It was a sad day in late November 2011 when I came across a very short news item online about the passing of winemaker Greg Brown, the founder of Calistoga-based T-Vine Cellars. Only 55, it was a bit of a shock, but not entirely. No cause of death was given, but reading between the lines I could only guess, Brown had died of a broken heart.
A guitar-playing dreamer with soulful charisma and outdoorsy good looks who had in his youth dreamed of being the next James Taylor or Jackson Browne, Greg Brown eventually found his calling in winemaking, But he also suffered a life-changing tragedy. Did his sadness overpower his success?
After graduating from Chico State in California, Brown worked for Bank of America, handling corporate loans to high-tech companies, but it was never his calling. After making a little money, he fell in love with wine, collecting vintages (at one point, he had amassed a 1,500-bottle cellar) and visiting as many wine regions as he could.
Lured by Napa Valley’s Cain Cellars
Having done some lending to wineries, Brown was lured into the wine world by the winemaker from Napa Valley’s Cain Cellars, who joked that Brown should come work harvest that year. Brown quit his finance job the next day and showed up at Cain two days later. As he told me during a 2005 interview for Savor Magazine, “I was leaning out over the high-dive and just needed somebody to tap me.”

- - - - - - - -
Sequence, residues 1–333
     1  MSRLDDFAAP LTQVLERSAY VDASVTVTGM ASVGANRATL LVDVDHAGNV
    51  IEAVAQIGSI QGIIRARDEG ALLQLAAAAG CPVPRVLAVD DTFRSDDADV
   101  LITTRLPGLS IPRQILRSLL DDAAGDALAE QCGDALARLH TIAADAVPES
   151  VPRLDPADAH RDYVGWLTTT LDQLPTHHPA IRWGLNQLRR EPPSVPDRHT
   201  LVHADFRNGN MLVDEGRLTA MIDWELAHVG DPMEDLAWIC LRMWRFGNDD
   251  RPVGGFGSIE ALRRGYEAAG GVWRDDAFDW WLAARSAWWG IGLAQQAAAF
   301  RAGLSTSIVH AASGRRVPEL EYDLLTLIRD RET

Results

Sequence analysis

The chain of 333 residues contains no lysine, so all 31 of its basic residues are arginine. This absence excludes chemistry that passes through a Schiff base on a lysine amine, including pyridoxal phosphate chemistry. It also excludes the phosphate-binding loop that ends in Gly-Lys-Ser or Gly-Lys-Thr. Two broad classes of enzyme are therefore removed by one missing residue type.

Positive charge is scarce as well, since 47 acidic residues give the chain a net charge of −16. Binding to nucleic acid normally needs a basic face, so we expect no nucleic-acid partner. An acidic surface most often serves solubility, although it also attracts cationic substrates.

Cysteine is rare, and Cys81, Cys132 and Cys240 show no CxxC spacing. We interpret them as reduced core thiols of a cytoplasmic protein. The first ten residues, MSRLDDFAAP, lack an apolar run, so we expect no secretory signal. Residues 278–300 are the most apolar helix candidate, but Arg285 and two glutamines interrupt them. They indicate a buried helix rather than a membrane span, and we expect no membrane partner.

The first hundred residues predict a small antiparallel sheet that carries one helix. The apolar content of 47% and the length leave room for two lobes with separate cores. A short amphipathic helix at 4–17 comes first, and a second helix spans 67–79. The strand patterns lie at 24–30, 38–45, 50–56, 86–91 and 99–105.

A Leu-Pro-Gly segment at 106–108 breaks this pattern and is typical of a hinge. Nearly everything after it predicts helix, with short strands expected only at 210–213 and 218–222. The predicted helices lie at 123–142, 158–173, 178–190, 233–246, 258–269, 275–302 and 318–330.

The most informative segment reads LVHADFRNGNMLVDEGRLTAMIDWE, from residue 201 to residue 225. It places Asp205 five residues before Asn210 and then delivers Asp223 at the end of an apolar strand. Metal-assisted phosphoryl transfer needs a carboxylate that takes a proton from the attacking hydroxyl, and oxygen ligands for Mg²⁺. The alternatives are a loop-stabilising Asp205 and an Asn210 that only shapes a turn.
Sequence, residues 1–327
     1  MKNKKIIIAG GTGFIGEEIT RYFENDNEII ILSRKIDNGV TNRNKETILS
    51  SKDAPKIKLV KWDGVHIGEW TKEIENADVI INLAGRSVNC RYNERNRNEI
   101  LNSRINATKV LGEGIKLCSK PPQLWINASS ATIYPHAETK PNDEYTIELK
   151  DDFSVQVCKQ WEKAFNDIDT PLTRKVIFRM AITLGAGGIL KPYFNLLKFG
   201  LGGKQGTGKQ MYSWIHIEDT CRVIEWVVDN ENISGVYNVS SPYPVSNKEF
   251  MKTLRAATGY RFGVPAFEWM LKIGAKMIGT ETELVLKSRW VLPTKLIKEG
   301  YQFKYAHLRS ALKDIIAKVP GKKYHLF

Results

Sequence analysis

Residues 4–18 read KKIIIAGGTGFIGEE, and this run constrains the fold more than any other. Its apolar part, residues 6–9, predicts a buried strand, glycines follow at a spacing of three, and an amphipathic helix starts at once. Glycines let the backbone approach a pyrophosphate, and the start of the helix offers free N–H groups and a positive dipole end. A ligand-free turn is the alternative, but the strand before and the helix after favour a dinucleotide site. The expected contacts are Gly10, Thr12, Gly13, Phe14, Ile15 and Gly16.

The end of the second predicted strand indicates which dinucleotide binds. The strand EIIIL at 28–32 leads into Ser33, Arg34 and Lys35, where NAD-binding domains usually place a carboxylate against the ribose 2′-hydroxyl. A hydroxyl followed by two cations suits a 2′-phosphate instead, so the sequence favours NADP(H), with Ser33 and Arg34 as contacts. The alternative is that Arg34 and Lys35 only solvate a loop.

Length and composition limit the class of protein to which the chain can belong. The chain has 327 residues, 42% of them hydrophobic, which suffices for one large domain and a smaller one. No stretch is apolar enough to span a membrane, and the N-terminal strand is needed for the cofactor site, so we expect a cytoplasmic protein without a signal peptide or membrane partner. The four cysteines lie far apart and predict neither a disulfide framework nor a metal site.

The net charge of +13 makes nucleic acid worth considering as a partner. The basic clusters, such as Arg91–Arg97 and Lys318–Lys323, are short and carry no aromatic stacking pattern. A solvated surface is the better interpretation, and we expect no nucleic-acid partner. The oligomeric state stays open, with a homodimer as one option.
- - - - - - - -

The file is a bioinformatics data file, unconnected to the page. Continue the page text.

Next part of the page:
Tap him they did. Brown spent three years at Cain making $7 an hour as a cellar rat, and he took the opportunity to learn every aspect of winemaking. It was also where he met his mentor, Tony Soter, the founder of Etude, who was at the time consulting for Cain.
By the time Brown was ready to set out on his own in 1991 with the iconoclastic aim of making small-lot, old-vine Napa Valley Grenache, Soter put Brown together with local, third-generation grower Jim Frediani, who just happened to be growing Grenache nobody else wanted to buy.
“I remember everyone saying, ‘Are you out of your mind?'” Brown said in that same 2005 interview. “Not only do you want to be a one-man operation, where you make [the wine], sell it and deliver it, but you want to start with Grenache. There weren’t really any teachers on how to do it by yourself at that time. I just figured why not.”
Starting out on his own
With $15,000 in his own seed money, Brown started buying Grenache, Syrah, Zinfandel, Petite Sirah and Cabernet Sauvignon from Frediani, who later began planting vineyards with Brown’s wines in mind. In 1992, he made 10 barrels of Grenache at Etude, picking the fruit overripe and using almost no new oak (he couldn’t afford it) — decisions that informed his winemaking for years to come.
He named his small wine operation T-Vine. The ‘T’ represented the trinity of body, mind and spirit, which he saw as his raison d’etre for getting in the wine industry.
His second year he added Syrah from Contra Costa, Zinfandel from Napa Valley’s Brown Estate (no relation), and Cabernet Sauvignon from Sonoma Valley’s Monte Rosso.